8. He had his own elite group of soldiers.
Although Antonio Luna wanted to turn the Philippine Army—at the time composed mostly of untrained volunteers—into a real professional fighting force, the outbreak of the Philippine-American War prevented him from training everyone.
Instead, he took to instructing a small group of soldiers into becoming his own personal professional sharpshooters. Known as the ‘Luna Sharpshooters,’ this group of deadly marksmen achieved a reputation for fighting fiercer than the rest of their compatriots.
Luna also formed similar units under his different commanders. One of them, the “Tiradores de la Muerte” (Riflemen of Death) under General Licerio Geronimo, was responsible for killing General Henry Ware Lawton, the highest-ranking American casualty of the war.
9. He created the Luna Line.
With the help of his aide, the Chief of the Army Engineers General Jose Alejandrino, Luna constructed a series of three-layered bamboo trenches which came to be known as the Luna Line.
American soldiers who came upon the trenches were amazed at the constructions, which stretched for several miles from town to town. And even when they finally took the trenches, they still had to contend with the traps—which included bamboo spikes and poisonous snakes—which the wily Filipinos had carefully hidden.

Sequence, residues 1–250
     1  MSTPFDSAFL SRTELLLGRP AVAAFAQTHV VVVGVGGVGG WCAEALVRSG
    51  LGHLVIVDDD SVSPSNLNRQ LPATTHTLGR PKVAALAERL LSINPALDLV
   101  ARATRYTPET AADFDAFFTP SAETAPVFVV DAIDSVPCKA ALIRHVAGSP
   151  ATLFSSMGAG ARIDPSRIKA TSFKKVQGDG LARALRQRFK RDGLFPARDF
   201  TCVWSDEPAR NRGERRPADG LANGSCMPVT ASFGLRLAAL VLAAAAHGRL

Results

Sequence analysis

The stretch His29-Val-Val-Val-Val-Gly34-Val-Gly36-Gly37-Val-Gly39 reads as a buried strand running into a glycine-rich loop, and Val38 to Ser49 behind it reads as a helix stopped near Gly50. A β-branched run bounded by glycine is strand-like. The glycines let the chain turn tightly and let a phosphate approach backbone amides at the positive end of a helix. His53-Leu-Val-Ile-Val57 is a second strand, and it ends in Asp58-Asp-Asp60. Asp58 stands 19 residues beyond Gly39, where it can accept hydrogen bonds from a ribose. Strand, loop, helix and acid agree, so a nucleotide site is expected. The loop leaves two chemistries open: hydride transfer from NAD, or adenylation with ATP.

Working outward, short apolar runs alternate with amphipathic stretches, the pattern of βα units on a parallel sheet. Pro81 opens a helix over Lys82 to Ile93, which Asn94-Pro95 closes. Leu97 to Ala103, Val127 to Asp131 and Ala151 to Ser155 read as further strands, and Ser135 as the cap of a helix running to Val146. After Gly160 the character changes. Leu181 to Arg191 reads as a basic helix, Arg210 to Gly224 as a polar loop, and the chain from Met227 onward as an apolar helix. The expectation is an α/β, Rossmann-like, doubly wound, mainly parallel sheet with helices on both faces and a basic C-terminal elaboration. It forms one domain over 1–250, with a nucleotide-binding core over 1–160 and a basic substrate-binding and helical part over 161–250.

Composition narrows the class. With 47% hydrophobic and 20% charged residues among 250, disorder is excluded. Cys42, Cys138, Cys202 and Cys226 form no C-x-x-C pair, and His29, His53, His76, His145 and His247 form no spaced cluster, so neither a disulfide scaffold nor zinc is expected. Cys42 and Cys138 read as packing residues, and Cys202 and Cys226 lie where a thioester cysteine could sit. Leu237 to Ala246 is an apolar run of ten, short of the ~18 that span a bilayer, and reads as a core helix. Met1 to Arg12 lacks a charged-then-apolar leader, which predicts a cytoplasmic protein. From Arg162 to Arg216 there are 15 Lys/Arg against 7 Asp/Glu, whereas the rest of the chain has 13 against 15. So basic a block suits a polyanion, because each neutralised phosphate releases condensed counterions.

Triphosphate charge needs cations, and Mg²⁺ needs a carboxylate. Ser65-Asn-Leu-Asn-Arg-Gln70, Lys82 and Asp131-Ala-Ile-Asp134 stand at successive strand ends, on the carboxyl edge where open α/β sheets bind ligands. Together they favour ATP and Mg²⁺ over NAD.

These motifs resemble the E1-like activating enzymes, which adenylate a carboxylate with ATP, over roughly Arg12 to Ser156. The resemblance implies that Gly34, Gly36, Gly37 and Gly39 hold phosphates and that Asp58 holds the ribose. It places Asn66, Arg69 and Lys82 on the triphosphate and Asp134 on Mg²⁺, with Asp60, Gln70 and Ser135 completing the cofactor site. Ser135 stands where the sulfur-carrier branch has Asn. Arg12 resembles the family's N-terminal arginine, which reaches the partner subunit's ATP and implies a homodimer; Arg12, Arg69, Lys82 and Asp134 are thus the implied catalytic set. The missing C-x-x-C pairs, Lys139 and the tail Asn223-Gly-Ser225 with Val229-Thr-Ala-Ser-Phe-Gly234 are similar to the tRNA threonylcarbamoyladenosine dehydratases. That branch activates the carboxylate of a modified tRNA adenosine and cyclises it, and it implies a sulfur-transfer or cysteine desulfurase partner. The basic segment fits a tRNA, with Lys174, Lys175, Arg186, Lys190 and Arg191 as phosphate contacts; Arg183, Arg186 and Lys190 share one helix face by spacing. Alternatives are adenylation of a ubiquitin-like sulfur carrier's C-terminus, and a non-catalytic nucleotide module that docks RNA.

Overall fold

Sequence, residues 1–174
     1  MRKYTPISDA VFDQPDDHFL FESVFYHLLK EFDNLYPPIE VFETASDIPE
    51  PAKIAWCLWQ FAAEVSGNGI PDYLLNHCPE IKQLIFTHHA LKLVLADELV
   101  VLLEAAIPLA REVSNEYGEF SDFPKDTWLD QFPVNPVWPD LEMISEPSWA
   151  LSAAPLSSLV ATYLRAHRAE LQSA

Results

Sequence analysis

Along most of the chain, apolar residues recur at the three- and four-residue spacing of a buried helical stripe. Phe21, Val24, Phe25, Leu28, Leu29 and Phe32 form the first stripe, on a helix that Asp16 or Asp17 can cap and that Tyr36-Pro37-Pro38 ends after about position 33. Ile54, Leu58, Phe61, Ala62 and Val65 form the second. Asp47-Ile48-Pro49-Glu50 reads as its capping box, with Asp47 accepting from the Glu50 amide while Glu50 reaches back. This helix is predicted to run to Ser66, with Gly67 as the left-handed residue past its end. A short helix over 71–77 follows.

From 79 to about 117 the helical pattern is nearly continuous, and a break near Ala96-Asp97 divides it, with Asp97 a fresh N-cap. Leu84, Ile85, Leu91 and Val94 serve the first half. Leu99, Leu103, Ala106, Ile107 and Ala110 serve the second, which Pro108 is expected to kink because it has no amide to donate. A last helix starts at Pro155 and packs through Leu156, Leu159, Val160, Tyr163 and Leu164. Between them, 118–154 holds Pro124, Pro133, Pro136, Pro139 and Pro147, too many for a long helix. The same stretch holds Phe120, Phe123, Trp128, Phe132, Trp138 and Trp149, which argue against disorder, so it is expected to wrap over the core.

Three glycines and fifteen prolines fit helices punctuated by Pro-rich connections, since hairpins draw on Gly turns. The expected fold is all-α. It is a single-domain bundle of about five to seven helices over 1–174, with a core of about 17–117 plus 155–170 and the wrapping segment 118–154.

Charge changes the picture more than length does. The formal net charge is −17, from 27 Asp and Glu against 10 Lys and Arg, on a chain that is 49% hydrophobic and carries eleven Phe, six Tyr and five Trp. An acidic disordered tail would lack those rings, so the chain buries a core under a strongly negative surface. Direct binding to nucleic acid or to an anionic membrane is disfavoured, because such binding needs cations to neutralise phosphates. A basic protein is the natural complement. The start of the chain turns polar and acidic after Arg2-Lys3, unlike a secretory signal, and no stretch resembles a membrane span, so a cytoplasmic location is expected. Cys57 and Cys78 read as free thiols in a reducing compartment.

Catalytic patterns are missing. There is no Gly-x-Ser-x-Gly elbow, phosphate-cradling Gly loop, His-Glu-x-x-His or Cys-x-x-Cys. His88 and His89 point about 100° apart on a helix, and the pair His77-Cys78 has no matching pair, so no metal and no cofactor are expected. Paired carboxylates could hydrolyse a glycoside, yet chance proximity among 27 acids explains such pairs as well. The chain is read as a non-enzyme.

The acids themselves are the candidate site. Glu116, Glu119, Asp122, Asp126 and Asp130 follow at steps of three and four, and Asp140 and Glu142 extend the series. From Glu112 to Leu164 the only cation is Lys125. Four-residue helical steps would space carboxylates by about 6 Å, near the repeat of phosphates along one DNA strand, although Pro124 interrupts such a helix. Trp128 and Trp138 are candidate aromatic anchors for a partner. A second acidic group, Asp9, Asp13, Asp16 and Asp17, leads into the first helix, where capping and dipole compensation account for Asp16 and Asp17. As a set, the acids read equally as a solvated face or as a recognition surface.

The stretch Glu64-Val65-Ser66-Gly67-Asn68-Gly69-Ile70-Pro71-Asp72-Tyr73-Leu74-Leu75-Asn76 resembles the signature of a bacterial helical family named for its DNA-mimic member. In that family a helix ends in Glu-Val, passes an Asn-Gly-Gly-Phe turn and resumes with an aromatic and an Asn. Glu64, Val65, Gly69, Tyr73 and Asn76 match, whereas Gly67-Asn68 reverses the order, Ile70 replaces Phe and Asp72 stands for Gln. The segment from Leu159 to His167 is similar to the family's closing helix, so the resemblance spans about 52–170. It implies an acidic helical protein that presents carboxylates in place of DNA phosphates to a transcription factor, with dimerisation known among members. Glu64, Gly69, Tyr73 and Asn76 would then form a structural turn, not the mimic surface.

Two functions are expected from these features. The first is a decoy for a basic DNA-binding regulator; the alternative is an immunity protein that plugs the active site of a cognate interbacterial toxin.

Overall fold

10. He planned to build a guerrilla fortress in the Mountain Province.
Of course, the defensive lines were just a precursor to Luna’s grand plan: an impenetrable guerrilla fortress in the elevated terrains of the Mountain Province. This fortress would be self-sufficient and serve as the rebels’ base of operations with which to attack Manila and other American-occupied areas.
With the rebels safely protected in the mountains, Luna could wage a protracted guerrilla war which he hoped would persuade the American public to recall their soldiers. Again, this was rejected by Aguinaldo. Chief engineer Alejandrino remarked that if they had built it, then El Presidente would not have been running for his life in the mountains.
11. A bag of coins stopped a bullet from killing him.
One of the most fortuitous events in Luna’s life happened during the Battle of Sto. Tomas. Charging with his horse against the American lines, Luna fell to the ground when he was hit by an American bullet to the stomach. Seeing that the Americans were advancing, he prepared to kill himself with a revolver to avoid capture.
Luckily, he was saved by the horse-riding Colonel Alejandro Avecilla who took him to safety. Upon reaching friendly lines, he checked his wound one more time and realized that the bag of coins he had been carrying stopped the bullet from completely penetrating his stomach.
12. He was frightening even in death.